“Coordination and alignment are important” said Camilla Bustani, Director, International, Ofcom, adding that the journey is just beginning. “The DSA and the UK’s OSA are not the final word in online regulation – in fact they are the first words.”

“It’s mission critical that different approaches to data protection harmonise”, said Kathy Harman-Stokes, Acting Director, Office of Privacy and Civil Liberties, US Department of Justice on Panel 3: Rethinking Data Protection, moderated by Natascha Gerlach, Director of Privacy Policy, Centre for Information Policy Leadership (CIPL).

Cecilia Alvarez, Director of Privacy Policy Engagement, EMEA, Meta talked about the need for regulations to evolve along with economies and societies. She stressed the need for a single market for data in Europe that serves humankind. “GDPR has a long life” she said – as long as it is true to its principles and able to evolve.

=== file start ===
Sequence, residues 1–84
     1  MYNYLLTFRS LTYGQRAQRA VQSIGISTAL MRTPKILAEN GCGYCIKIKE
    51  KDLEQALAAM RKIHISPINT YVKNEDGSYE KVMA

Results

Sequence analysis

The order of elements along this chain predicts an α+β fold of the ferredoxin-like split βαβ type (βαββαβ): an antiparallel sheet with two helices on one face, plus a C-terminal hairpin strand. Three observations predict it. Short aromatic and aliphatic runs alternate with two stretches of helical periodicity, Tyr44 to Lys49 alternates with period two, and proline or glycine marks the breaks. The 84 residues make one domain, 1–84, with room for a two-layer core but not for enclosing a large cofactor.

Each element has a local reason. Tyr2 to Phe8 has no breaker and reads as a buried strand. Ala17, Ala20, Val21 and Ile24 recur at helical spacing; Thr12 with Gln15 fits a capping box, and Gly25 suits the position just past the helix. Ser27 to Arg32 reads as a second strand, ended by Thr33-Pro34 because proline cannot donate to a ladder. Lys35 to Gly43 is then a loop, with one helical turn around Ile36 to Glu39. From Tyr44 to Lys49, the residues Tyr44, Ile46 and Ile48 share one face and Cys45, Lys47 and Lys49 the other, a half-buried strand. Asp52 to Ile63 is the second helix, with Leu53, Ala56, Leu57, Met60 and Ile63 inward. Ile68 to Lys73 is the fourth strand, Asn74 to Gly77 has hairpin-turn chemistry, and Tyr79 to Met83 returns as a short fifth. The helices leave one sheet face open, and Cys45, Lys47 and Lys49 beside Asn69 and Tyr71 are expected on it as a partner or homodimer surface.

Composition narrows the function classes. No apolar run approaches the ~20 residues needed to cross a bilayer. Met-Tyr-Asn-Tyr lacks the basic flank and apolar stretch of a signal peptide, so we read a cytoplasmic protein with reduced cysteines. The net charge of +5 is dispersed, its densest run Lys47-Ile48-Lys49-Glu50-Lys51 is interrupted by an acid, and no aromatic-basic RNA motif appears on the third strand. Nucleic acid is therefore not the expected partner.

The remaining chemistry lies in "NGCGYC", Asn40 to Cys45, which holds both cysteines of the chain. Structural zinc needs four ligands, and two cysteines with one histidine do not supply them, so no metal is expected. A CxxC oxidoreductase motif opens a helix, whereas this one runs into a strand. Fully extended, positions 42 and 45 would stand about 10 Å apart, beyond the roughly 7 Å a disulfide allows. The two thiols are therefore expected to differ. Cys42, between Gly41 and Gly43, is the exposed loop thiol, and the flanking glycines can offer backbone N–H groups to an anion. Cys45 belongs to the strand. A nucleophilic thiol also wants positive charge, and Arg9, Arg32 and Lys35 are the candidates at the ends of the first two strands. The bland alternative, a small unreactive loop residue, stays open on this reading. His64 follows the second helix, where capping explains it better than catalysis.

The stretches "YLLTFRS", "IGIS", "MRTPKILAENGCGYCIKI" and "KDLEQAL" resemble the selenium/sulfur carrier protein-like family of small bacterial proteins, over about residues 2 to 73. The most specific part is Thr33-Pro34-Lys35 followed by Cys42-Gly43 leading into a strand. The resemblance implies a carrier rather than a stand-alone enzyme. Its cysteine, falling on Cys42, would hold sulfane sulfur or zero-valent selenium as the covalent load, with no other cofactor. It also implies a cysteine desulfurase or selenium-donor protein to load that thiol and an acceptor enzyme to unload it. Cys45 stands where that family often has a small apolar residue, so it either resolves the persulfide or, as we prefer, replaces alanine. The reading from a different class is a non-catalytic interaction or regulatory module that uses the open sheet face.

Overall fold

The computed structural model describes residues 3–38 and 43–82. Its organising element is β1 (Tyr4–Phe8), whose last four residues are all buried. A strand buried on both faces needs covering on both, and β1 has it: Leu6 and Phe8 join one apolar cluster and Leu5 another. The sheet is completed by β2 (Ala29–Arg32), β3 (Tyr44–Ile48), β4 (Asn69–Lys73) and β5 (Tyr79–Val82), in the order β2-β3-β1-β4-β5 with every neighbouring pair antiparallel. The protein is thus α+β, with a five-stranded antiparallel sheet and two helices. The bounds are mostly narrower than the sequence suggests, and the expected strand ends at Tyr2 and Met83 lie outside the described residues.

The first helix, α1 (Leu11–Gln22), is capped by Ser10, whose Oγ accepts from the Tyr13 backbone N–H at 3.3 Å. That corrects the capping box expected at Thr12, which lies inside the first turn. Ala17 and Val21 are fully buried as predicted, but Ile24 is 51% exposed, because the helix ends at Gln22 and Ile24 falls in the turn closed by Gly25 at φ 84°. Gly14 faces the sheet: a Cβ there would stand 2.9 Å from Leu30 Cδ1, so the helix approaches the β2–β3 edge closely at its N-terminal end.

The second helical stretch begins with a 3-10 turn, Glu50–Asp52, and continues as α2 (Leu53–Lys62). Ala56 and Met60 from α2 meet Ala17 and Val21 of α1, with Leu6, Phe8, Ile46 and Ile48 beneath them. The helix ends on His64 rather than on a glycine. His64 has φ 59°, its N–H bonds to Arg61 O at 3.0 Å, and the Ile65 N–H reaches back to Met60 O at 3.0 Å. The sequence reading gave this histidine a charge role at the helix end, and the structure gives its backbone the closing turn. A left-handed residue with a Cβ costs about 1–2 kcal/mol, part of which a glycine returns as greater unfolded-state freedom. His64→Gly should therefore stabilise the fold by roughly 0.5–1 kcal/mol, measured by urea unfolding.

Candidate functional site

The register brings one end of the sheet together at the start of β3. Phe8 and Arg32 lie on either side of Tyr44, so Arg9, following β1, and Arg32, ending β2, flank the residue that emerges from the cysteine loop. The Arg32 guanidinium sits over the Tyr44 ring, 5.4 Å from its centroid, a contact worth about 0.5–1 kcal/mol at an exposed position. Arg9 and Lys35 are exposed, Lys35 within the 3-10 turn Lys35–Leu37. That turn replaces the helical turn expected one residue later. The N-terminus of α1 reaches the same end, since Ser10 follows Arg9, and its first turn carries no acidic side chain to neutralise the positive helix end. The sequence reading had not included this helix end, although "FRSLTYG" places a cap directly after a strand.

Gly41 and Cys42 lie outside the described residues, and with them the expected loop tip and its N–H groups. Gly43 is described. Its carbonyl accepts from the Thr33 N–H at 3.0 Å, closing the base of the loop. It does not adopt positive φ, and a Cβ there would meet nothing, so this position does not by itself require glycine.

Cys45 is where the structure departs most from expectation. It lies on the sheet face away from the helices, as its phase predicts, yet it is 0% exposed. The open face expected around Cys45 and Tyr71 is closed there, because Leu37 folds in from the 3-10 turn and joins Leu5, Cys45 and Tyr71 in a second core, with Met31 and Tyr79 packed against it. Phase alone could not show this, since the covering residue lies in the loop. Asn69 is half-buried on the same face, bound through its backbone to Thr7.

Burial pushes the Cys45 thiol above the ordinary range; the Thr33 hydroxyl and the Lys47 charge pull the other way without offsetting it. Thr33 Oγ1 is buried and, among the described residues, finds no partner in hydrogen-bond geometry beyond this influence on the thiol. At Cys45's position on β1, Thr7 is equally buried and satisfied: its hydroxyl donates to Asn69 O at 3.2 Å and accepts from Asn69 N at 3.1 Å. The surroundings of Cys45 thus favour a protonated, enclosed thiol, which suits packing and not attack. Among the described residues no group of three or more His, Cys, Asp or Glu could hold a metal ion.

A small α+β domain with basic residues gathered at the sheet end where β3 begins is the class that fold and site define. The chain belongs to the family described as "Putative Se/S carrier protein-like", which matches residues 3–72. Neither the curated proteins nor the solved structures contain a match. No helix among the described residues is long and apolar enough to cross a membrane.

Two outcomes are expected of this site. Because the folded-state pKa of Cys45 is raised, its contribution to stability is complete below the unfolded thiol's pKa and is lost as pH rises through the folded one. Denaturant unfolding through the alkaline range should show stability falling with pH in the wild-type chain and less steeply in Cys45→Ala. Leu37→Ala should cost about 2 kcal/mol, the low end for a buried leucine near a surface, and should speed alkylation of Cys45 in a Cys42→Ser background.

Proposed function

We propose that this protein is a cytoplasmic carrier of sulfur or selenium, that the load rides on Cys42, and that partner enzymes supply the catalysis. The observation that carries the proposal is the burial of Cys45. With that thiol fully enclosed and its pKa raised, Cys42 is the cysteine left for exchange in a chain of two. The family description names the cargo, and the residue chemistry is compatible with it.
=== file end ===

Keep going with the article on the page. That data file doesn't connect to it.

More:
“The UK is rethinking data protection,” said Isabel Simpson, Partner, Head of Data Privacy at KPMG Law. The UK Data Protection and Digital Information Bill has been developed in a consultative process between government and industry to encourage innovation whilst prioritising safety, and crucially aims to simplify and increase clarity in the law.

Tine A. Larsen, President, CNPD – Commission nationale pour la protection des données (National Commission for Data Protection – Luxembourg) highlighted the importance of more cooperation between DPAs as well as competition, financial conduct and online safety regulators. “GDPR is about protecting rights but also helping the economy – we have to make data flow”, she said.